1. Chromosomes and Gene Expression
  2. Neuroscience
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HAT cofactor TRRAP modulates microtubule dynamics via SP1 signaling to prevent neurodegeneration

  1. Alicia Tapias
  2. David Lázaro
  3. Bo-Kun Yin
  4. Seyed Mohammad Mahdi Rasa
  5. Anna Krepelova
  6. Erika Kelmer Sacramento
  7. Paulius Grigaravicius
  8. Philipp Koch
  9. Joanna Kirkpatrick
  10. Alessandro Ori
  11. Francesco Neri
  12. Zhao-Qi Wang  Is a corresponding author
  1. Leibniz Institute on Ageing - Fritz Lipmann Institute, Germany
  2. Leibniz Institute on Aging - Fritz Lipmann Institute, Germany
Research Article
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Cite this article as: eLife 2021;10:e61531 doi: 10.7554/eLife.61531

Abstract

Brain homeostasis is regulated by the viability and functionality of neurons. HAT (histone acetyltransferase) and HDAC (histone deacetylase) inhibitors have been applied to treat neurological deficits in humans; yet, the epigenetic regulation in neurodegeneration remains elusive. Mutations of HAT cofactor TRRAP (Transformation/translation domain-associated protein) cause human neuropathies, including psychosis, intellectual disability, autism and epilepsy, with unknown mechanism. Here we show that Trrap deletion in Purkinje neurons results in neurodegeneration of old mice. Integrated transcriptomics, epigenomics and proteomics reveal that TRRAP via SP1 conducts a conserved transcriptomic program. TRRAP is required for SP1 binding at the promoter proximity of target genes, especially microtubule dynamics. The ectopic expression of Stathmin3/4 ameliorates defects of TRRAP-deficient neurons, indicating that the microtubule dynamics is particularly vulnerable to the action of SP1 activity. This study unravels a network linking three well-known, but up-to-date unconnected, signaling pathways, namely TRRAP, HAT and SP1 with microtubule dynamics, in neuroprotection.

Article and author information

Author details

  1. Alicia Tapias

    Leibniz Institute on Ageing - Fritz Lipmann Institute, Jena, Germany
    Competing interests
    The authors declare that no competing interests exist.
  2. David Lázaro

    Leibniz Institute on Ageing - Fritz Lipmann Institute, Jena, Germany
    Competing interests
    The authors declare that no competing interests exist.
  3. Bo-Kun Yin

    Leibniz Institute on Ageing - Fritz Lipmann Institute, Jena, Germany
    Competing interests
    The authors declare that no competing interests exist.
  4. Seyed Mohammad Mahdi Rasa

    Leibniz Institute on Ageing - Fritz Lipmann Institute, Jena, Germany
    Competing interests
    The authors declare that no competing interests exist.
    ORCID icon "This ORCID iD identifies the author of this article:" 0000-0001-6850-8909
  5. Anna Krepelova

    Leibniz Institute on Ageing - Fritz Lipmann Institute, Jena, Germany
    Competing interests
    The authors declare that no competing interests exist.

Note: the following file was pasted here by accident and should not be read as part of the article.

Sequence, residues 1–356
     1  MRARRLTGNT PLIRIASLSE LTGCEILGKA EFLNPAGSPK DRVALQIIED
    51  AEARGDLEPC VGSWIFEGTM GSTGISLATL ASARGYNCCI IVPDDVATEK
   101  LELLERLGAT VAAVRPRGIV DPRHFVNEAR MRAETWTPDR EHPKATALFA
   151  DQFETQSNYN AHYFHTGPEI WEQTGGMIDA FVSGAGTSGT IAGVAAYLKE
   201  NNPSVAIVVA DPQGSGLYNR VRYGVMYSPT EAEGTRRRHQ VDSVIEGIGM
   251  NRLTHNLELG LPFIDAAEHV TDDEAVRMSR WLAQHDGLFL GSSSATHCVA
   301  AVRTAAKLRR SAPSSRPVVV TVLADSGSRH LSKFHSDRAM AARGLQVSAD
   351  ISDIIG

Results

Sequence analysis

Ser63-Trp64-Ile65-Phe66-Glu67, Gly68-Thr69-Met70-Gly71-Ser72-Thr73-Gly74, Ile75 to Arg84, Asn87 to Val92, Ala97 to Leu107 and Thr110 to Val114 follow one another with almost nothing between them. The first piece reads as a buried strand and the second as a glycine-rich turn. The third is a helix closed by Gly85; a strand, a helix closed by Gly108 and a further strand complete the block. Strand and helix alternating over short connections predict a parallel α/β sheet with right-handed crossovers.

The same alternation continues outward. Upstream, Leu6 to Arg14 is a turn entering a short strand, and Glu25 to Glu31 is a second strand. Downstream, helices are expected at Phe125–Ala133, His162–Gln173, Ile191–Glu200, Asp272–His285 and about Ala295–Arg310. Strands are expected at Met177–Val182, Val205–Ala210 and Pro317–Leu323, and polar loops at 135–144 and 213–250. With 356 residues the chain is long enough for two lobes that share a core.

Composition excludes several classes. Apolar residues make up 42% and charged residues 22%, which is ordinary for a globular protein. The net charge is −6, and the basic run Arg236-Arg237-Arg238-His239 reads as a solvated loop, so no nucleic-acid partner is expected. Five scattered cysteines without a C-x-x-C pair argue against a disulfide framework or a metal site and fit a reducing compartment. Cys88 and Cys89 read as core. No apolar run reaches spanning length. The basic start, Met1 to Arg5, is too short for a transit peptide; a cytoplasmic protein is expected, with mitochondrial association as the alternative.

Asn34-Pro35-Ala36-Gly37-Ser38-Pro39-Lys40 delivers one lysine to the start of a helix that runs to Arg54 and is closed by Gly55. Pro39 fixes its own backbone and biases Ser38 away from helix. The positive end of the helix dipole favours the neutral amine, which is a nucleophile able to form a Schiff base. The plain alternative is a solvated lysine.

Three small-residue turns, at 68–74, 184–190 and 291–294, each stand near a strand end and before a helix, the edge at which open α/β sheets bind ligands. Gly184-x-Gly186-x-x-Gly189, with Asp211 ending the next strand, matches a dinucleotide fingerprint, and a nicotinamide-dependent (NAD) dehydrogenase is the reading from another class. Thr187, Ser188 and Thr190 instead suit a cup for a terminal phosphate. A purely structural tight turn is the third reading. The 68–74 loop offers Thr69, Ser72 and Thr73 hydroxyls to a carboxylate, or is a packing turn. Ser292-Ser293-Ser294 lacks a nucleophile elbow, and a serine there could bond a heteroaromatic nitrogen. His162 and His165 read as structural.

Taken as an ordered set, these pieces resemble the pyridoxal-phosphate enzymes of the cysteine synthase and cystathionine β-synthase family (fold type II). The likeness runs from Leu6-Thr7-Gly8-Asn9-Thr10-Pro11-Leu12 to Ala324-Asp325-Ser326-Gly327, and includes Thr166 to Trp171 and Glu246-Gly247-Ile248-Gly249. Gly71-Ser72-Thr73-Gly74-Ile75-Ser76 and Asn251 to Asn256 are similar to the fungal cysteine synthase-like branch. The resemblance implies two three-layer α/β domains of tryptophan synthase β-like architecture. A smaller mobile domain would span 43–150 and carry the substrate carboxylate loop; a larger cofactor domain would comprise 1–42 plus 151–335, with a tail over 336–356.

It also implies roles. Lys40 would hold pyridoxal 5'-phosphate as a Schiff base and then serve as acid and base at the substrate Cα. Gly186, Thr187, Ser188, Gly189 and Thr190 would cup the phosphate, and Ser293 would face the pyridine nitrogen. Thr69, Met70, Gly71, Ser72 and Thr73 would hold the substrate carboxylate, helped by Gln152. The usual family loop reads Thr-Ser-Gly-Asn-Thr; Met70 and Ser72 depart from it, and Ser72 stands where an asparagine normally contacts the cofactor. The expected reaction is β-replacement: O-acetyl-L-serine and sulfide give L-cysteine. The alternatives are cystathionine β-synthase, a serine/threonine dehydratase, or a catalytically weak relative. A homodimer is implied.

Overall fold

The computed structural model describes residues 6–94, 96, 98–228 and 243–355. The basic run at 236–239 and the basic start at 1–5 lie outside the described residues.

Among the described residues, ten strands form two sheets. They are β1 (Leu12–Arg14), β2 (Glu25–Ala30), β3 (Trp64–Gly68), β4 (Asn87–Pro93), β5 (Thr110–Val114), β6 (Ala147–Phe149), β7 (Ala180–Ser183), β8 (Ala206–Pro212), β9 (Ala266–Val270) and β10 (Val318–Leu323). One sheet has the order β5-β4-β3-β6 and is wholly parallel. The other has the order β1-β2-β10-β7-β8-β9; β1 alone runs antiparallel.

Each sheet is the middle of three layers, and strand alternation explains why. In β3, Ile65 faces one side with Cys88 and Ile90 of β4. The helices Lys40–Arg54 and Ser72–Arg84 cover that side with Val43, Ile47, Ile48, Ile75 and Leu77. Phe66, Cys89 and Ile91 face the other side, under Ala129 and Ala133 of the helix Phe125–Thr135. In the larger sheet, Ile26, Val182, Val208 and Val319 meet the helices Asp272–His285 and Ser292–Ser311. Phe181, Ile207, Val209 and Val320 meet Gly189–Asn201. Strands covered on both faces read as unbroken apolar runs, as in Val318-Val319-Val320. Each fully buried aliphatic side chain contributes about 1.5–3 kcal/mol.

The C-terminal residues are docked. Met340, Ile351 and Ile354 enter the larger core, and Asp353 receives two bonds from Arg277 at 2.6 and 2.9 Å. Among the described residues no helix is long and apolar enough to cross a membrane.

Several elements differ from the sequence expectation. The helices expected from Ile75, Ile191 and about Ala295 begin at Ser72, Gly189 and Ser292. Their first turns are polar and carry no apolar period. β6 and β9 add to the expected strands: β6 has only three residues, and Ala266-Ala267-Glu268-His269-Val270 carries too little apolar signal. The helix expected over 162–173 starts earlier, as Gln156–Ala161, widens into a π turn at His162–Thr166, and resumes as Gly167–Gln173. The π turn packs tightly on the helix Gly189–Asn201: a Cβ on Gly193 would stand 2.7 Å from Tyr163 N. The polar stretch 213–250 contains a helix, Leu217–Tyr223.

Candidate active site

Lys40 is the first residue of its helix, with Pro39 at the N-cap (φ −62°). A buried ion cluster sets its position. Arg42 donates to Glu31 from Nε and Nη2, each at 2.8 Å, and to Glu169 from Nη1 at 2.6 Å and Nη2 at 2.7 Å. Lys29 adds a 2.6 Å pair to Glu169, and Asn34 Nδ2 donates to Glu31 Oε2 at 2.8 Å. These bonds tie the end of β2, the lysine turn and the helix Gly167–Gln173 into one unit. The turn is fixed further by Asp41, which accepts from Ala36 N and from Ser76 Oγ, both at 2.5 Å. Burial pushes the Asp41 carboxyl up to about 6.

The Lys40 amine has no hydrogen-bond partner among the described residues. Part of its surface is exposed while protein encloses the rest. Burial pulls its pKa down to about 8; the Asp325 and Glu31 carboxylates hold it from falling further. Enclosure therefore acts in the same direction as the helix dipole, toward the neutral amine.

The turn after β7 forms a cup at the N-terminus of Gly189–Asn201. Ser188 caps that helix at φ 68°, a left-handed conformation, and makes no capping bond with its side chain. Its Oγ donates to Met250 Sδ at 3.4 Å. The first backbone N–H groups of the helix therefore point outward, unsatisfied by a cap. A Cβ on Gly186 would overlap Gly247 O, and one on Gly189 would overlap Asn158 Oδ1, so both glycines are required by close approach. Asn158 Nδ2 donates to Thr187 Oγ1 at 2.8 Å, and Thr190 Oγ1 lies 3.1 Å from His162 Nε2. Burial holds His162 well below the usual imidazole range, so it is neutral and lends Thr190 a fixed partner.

6. Erika Kelmer Sacramento

    Leibniz Institute on Ageing - Fritz Lipmann Institute, Jena, Germany
    Competing interests
    The authors declare that no competing interests exist.
  7. Paulius Grigaravicius

    Leibniz Institute on Ageing - Fritz Lipmann Institute, Jena, Germany
    Competing interests
    The authors declare that no competing interests exist.
  8. Philipp Koch

    Core Facility Life Science Computing, Leibniz Institute on Aging - Fritz Lipmann Institute, Jena, Germany
    Competing interests
    The authors declare that no competing interests exist.
    ORCID icon "This ORCID iD identifies the author of this article:" 0000-0003-2825-7943
  9. Joanna Kirkpatrick

    Leibniz Institute on Ageing - Fritz Lipmann Institute, Jena, Germany
    Competing interests
    The authors declare that no competing interests exist.
  10. Alessandro Ori

    Leibniz Institute on Ageing - Fritz Lipmann Institute, Jena, Germany
    Competing interests
    The authors declare that no competing interests exist.
    ORCID icon "This ORCID iD identifies the author of this article:" 0000-0002-3046-0871
  11. Francesco Neri

    Leibniz Institute on Ageing - Fritz Lipmann Institute, Jena, Germany
    Competing interests
    The authors declare that no competing interests exist.
  12. Zhao-Qi Wang

    Leibniz Institute on Ageing - Fritz Lipmann Institute, Jena, Germany
    For correspondence
    Zhao-Qi.Wang@leibniz-fli.de
    Competing interests
    The authors declare that no competing interests exist.
    ORCID icon "This ORCID iD identifies the author of this article:" 0000-0002-8336-3485

Funding

Leibniz Publik

  • Zhao-Qi Wang

The funders had no role in study design, data collection and interpretation, or the decision to submit the work for publication.

Ethics

Animal experimentation: Animal experiments were conducted according to German animal welfare legislation, and the protocol is approved by Thüringen Landesamt für Verbraucherschutz (TLV) (03-042/16), Germany.

Reviewing Editor

  1. Jeremy J Day, University of Alabama at Birmingham, United States

Publication history

  1. Received: July 28, 2020
  2. Accepted: February 16, 2021
  3. Accepted Manuscript published: February 17, 2021 (version 1)

Copyright

© 2021, Tapias et al.

This article is distributed under the terms of the Creative Commons Attribution License permitting unrestricted use and redistribution provided that the original author and source are credited.

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